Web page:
Gradients, spatial heterogeneity and temporal development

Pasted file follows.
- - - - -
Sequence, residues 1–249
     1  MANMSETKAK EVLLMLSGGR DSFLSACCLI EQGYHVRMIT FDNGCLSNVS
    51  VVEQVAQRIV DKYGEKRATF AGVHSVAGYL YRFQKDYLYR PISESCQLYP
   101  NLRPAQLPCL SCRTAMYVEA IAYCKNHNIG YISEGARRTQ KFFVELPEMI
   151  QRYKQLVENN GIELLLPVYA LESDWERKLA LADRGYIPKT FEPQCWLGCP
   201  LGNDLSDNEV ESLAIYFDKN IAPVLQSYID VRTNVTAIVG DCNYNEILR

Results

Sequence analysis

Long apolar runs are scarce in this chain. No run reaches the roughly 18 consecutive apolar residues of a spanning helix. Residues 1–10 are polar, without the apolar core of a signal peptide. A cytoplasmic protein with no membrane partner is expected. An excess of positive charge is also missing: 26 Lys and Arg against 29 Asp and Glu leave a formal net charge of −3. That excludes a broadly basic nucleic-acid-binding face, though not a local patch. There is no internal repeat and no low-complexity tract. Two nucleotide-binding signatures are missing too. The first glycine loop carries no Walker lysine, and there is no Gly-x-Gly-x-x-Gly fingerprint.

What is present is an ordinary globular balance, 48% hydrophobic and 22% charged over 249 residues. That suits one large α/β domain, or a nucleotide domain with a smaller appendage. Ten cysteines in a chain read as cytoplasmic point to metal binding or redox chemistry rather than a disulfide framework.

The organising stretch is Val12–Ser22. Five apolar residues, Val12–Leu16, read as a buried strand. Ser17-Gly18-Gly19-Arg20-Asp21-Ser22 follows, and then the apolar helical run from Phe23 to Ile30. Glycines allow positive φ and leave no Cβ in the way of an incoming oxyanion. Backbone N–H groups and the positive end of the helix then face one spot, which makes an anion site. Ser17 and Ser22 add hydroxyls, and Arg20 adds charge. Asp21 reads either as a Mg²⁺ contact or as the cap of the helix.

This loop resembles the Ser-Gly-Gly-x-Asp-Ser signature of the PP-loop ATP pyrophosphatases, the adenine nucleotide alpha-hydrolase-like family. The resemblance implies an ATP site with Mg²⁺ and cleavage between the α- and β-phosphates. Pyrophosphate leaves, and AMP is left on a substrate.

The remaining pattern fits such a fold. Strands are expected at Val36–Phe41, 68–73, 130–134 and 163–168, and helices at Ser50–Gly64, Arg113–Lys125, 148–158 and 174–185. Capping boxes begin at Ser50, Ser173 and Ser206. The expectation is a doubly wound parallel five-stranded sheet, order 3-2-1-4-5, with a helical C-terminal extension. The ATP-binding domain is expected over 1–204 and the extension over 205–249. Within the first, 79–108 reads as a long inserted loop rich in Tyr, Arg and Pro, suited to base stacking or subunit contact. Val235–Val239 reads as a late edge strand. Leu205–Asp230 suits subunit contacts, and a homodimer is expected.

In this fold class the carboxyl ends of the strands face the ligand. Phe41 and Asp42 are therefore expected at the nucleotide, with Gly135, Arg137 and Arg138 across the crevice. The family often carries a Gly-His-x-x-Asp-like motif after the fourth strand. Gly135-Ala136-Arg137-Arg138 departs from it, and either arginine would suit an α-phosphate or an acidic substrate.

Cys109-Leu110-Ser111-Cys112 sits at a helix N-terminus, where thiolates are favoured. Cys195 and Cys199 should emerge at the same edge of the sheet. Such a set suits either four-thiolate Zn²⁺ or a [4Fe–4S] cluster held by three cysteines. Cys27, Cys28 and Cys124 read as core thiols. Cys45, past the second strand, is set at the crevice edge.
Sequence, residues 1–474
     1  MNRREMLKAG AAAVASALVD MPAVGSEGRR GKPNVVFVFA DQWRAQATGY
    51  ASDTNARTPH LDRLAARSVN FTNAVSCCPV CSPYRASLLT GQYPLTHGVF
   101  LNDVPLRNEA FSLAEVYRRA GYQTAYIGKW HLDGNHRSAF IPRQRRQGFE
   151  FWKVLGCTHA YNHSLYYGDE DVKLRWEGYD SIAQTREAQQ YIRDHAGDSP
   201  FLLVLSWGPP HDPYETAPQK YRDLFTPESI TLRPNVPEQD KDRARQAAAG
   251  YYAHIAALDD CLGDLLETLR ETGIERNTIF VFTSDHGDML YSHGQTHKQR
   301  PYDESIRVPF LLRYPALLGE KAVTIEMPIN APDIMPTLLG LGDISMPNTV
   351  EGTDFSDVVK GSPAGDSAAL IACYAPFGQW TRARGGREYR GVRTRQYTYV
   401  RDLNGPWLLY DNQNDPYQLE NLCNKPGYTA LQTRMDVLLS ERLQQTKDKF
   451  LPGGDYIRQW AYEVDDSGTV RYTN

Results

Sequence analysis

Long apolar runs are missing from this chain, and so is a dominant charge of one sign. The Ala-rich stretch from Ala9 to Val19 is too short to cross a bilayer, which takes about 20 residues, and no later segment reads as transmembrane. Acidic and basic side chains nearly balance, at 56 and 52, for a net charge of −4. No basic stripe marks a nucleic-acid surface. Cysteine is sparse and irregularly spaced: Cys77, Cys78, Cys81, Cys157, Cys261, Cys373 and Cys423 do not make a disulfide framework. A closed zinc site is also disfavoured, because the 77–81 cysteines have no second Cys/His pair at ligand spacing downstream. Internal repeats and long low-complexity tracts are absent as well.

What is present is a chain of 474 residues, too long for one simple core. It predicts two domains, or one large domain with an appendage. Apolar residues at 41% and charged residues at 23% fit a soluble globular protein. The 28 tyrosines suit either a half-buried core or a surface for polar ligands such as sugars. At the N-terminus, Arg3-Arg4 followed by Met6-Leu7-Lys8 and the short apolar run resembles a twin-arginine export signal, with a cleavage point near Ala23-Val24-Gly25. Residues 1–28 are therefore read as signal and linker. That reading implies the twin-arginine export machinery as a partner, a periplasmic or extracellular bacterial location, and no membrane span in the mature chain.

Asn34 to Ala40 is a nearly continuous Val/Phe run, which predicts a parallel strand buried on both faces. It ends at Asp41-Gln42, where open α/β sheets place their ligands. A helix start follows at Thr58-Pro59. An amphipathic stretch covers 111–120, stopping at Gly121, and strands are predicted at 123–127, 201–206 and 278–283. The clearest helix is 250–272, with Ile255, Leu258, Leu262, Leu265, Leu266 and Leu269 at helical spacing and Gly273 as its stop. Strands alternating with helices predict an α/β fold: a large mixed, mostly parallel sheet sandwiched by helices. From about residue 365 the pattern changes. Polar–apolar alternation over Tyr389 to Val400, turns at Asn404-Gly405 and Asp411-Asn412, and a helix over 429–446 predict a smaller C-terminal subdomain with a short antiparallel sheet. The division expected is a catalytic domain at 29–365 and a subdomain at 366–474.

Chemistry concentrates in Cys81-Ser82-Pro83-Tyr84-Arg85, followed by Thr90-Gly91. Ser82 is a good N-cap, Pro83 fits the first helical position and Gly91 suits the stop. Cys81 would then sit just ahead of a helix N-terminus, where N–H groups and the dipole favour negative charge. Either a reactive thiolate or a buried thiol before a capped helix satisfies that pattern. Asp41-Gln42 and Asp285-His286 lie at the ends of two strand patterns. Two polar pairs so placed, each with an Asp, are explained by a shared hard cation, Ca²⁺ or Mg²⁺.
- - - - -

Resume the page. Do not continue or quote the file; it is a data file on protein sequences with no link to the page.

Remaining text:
Young (1998) provides a review of research in the variations of certain aspects of the geometry of soil from rhizosphere to bulk soil (i.e. soil without roots). A summary of his review shows a small but significant body of work that observed increases in bulk density close to the root-soil interface. This presents a picture of a root punching through soil, deforming and packing relatively wet soil to form the start of a new rhizosphere. Tighter packing around the root increases root-soil contact and thus, in theory increases hydraulic contact, and thus the probability of resource exchange from soil to root and vice versa. However, in front of the root tip any increase in density would be counter-productive. Slightly counter to this work is the research by Martens and Frankenberger (1992) on the impact of bacterial polymers which showed significant increases (20%) in porosity in pre-packed soils. In a similar vein Alami et al (2000) examined the role of exopolysaccharide-producing Rhizobium on the structure of rhizosphere soil, finding significant increases in soil porosity (12–60 µm), irrespective of initial soil water regime. An interesting secondary observation was the potential role of exopolysaccharides in reducing the impact of water deficit on plants. This neatly ties into the role of exopolysaccharides in minimizing the effects of desiccation on bacterial populations within biofilms.